If you’re a ruby developer, plugging a gem into a project is second nature. Most projects now use bundler to manage gem dependencies and versions, as it is so effective at doing so. If you’ve been doing this for long enough, then you will have come across the pessimistic version constraint operator, at least unknowingly.
You may know it as the spermy operator, or even twiddle waka. You can see a whole conversation about the name in an issue on the rubygems Github.
Basically, it’s this: ~>
What does it do?
Rubygems.org has a good description on it, so I’m not going to repeat too much of what is said there. But in summary, it allows you to specify a version for a gem plus a degree of flexibility.
Here’s an example, from part of a Gemfile:
gem "nokogiri", "~> 1.6.0"
Here, although it looks like I’ve specified the exact version, the pessimistic operator means that the final number of the version can increase. Therefore, if version 1.6.4 of Nokogiri is released, then running
bundle update nokogiri will allow it to be upgraded. However, if 1.7.0 is released, it will not update.
Why is this good?
If you don’t specify versions for the gems in your project, then gems can upgrade to any version as it becomes available. Therefore, if a gem upgrades a major version, the API is likely to change and your project could break. It’s therefore good practice to limit the maximum version to which a gem can upgrade. Having said that, you only really want to do this when your project is stable, and all the gems are working nicely together.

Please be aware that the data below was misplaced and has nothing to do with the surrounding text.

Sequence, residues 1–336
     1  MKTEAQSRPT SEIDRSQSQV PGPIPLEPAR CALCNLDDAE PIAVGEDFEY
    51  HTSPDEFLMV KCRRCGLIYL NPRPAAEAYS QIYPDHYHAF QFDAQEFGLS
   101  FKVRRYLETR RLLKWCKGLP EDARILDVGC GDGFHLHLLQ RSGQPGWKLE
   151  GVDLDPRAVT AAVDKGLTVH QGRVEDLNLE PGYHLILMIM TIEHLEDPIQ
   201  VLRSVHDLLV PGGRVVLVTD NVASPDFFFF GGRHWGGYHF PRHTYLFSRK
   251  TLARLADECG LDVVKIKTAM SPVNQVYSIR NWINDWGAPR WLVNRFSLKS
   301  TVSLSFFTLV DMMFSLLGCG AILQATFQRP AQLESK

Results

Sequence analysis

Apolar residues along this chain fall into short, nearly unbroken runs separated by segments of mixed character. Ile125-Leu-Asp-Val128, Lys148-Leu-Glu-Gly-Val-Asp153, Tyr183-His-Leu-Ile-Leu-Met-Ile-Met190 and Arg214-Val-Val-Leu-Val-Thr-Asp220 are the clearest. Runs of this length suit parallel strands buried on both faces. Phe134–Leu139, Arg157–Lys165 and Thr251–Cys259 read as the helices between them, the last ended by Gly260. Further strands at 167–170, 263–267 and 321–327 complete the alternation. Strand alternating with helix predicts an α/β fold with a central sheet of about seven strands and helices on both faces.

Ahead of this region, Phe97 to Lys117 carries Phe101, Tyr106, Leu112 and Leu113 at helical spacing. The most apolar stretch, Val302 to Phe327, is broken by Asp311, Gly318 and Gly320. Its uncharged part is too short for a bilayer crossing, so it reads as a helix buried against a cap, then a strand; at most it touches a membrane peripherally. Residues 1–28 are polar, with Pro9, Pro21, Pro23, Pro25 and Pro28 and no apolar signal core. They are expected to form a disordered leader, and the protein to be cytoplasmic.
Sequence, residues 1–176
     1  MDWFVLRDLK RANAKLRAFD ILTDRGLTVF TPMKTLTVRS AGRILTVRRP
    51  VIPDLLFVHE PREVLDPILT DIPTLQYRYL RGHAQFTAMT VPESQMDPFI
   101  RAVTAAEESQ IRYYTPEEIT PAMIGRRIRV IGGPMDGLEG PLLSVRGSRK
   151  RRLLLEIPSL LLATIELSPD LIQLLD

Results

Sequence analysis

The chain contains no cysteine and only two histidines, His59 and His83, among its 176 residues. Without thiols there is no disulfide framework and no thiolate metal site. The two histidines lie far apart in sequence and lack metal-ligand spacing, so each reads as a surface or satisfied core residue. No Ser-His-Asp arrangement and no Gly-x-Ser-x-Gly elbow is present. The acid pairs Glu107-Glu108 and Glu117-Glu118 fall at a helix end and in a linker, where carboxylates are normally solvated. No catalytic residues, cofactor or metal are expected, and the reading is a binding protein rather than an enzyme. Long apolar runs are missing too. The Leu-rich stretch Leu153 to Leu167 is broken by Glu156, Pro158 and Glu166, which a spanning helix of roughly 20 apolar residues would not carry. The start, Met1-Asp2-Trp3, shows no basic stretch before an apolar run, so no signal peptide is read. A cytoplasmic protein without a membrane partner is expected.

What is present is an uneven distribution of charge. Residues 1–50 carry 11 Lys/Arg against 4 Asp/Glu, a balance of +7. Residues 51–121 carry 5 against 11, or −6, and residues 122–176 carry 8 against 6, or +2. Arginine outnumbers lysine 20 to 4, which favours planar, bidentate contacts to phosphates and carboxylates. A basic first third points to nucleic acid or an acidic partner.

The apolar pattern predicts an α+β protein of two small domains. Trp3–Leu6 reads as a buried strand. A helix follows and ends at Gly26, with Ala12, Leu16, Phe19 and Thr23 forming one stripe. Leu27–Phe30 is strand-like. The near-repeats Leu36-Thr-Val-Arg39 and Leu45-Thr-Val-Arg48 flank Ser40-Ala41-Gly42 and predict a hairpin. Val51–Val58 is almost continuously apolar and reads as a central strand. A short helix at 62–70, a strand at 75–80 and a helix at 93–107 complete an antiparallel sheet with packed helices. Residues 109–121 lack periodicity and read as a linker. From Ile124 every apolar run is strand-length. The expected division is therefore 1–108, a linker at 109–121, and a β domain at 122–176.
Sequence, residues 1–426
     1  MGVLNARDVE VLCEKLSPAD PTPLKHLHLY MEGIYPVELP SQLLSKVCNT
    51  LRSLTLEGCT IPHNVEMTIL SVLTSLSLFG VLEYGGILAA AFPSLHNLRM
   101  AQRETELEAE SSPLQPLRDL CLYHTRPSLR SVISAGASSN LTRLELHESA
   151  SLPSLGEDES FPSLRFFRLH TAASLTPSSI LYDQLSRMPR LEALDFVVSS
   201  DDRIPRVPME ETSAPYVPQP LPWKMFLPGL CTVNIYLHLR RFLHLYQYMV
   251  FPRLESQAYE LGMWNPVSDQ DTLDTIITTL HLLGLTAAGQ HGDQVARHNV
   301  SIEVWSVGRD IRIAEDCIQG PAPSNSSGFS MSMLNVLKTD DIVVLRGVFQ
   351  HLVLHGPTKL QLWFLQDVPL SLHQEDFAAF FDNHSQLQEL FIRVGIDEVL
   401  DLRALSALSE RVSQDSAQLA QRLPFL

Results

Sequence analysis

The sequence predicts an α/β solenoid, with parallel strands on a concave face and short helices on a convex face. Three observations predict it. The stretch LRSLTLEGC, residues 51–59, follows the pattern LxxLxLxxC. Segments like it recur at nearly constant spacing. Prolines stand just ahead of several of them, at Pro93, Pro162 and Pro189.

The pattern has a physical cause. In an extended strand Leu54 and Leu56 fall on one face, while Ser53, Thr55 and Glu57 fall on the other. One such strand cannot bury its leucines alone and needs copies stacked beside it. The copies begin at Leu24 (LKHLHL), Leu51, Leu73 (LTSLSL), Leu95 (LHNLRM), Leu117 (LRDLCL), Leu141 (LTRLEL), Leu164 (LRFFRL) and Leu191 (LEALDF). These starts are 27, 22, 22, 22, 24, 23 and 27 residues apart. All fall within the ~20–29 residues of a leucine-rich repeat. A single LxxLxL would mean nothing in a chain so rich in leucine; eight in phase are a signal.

The answer, therefore, is to go through your Gemfile, collect the current versions for each gem and add them with the pessimistic constraint operator. However, that can be a bit of a hassle for a project with a large number of gems.
I’ve recently released a gem called pessimize, which does this for you. It’s a command line tool that parses your Gemfile, collects all the versions of your gems and rewrites the Gemfile with the versions and ~> operator.
It’s still in a sort of beta phase, so despite being heavily tested it backs up your Gemfile and Gemfile.lock, just in case. That means that you can revert back if something goes wrong (though you should really be using version control anyway).
It’s simple to install through gem:
gem install pessimize. You then get a command line script,
cd to any directory containing a Gemfile and run it, and it will generate a new Gemfile.
I really welcome pull requests, feature suggestions and feedback. I hope it saves you some time and encourages you to keep your gem dependencies in order!